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China-bashing tariffs an exercise in futility

China Daily Global | Updated: 2019-09-02 07:50

Part of the new additional tariffs recently announced by the United States government on $300 billion worth of Chinese goods took effect on Sunday, with China responding with additional tariffs of its own on some of the US goods on a $75-billion target list.

Despite the expected escalation of the trade friction between the world's two largest economies, 87 percent of US companies operating in China said they will not move out of the country, according to a survey by the US-China Business Council released on Thursday.

That such a high proportion of US companies refuse to fall in line behind the US administration shows that the latter's China-bashing initiatives go against the will and interests of US companies.

According to the USCBC annual member survey, completed in June, 97 of the 100 surveyed companies said that their China operations are profitable.

In the first half of this year, US companies invested $6.8 billion in China, an increase of 1.5 percent over the same period in the previous two years, according to the latest data from Rhodium Group.

It is rational choice for those US companies to enter and stay in China. It is not only the world's second-largest economy with comprehensive industrial chains, but it is also poised to become the world's largest consumer market, measured by retail sales, this year.

And with an annual GDP growth of over 6 percent, continuing opening-up and an ever-improving business environment, the country will continue to be a favorable place for international investment.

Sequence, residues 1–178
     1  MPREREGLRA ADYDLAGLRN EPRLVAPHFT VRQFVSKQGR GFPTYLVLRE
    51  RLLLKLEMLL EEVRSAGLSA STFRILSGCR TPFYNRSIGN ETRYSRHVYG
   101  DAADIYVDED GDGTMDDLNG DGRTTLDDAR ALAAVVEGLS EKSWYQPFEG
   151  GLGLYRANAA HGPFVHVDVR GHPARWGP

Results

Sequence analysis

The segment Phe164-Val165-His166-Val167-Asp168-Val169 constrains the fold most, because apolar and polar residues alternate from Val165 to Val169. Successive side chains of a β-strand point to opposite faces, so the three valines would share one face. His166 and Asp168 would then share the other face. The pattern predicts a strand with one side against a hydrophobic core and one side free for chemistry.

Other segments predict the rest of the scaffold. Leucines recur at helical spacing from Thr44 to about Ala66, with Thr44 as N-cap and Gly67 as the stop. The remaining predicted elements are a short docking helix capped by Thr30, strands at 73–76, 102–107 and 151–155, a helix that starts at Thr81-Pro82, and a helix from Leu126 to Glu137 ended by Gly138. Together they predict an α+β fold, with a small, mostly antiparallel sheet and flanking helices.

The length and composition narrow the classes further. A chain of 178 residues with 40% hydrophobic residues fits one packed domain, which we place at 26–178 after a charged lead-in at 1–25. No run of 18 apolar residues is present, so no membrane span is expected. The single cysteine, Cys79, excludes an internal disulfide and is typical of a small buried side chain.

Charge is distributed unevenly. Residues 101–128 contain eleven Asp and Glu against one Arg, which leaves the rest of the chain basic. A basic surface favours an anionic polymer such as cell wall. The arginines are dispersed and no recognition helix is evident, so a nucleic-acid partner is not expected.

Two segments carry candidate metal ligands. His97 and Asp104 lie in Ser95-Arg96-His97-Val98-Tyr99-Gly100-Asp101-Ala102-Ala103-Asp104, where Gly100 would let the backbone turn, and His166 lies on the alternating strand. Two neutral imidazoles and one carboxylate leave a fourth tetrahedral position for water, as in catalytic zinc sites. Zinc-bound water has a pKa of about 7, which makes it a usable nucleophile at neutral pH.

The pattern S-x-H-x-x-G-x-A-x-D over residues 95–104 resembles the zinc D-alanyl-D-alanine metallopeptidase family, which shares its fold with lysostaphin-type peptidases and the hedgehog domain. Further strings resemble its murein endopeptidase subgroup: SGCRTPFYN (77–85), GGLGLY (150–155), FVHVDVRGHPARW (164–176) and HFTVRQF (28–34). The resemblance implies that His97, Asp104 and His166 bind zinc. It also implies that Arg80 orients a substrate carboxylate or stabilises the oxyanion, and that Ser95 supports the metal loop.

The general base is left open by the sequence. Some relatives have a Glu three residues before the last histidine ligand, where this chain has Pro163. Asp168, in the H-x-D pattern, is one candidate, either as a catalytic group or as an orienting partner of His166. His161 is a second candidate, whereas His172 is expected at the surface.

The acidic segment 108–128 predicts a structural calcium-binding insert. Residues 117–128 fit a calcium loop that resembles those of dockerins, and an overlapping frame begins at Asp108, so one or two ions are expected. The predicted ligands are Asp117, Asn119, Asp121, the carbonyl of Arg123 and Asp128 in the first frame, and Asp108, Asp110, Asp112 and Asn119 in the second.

The headstrong tariff moves by Washington have started to take their toll on the US economy. Its GDP growth may ease to 2 percent in the second quarter, according to the US Bureau of Economic Analysis. It was 3.1 percent in the first.

And while the US administration has largely avoided imposing tariffs on consumer goods up to now, more than two-thirds of the consumer goods the US imports from China now face higher taxes, which will hit the main driver of the US economy: consumer spending.

As The Associated Press observed, although the US president insists it is China paying the tariffs, studies such as one by J.P. Morgan conclude that it is US businesses and consumers that are bearing the costs.

It is time the US administration reconsidered its poorly thought out China-bashing moves. Working to secure a trade deal would be a more fruitful approach, since cooperation benefits both, while the trade war jeopardizes both their interests.

(China Daily Global 09/02/2019 page11)

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